Doctor of Philosophy (Ph.D.)
The doctoral degree usually requires three years of study and research beyond the master's degree. Advancement to doctoral candidacy is decided on the basis of previous academic record, performance in graduate courses, and a candidacy examination.
Dual-title degree in Biogeochemistry
Ph.D. graduate students who are interested in strengthening their plant pathology degree by integrating their graduate education in biogeochemistry should consider applying to this dual-title degree program in the Geosciences Department.
The program involves an active and engaging graduate student community, mandatory co-advising, cross-disciplinary coursework, and opportunities for additional stipend and tuition support beyond that of a student’s home department or program. Annual events offer an opportunity to exchange ideas with biogeochemists on and off campus, including the student-organized Environmental Chemistry Student Symposium and annual mini-conferences and field trips.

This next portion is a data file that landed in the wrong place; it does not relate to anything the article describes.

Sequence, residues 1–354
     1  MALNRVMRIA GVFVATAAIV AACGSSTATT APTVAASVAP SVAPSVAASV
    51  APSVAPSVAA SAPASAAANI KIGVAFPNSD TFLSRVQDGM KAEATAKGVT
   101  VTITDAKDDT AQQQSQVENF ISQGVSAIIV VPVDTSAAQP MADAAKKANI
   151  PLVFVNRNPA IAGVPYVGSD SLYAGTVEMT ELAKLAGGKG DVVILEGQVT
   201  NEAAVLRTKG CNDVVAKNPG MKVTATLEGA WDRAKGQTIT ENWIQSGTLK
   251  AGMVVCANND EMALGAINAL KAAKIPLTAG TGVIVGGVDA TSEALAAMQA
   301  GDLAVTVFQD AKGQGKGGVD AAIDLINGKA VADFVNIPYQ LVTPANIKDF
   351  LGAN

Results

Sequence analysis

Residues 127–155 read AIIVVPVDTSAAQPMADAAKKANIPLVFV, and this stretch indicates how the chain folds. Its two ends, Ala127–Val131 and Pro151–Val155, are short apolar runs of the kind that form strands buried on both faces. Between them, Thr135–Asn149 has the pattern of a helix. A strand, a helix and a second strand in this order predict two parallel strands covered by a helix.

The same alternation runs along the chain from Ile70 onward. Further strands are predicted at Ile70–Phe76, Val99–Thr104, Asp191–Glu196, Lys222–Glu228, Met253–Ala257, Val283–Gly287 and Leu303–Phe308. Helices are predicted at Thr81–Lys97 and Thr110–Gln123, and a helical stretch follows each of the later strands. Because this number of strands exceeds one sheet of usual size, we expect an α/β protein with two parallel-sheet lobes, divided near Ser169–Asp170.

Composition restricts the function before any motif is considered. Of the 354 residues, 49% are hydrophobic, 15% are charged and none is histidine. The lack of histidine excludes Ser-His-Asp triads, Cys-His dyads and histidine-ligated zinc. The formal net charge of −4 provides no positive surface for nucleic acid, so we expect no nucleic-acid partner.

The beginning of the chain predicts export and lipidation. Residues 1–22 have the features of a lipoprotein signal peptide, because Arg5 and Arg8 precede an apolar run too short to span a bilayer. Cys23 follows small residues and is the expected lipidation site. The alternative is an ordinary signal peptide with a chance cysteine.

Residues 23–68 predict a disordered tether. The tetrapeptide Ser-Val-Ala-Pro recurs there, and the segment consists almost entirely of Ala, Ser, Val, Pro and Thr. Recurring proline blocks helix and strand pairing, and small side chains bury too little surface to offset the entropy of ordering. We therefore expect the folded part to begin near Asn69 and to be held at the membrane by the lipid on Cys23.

Dual-title degree in International Agriculture and Development
Graduate students (both M.S. and Ph.D.) who are interested in strengthening their plant pathology degree by incorporating international experiences and credentials should consider applying to this dual-title degree program in the College of Agricultural Sciences.
An advisory committee appointed by the program chair determines the specific course requirements, approves the research plan, and administers the comprehensive examination and thesis defense.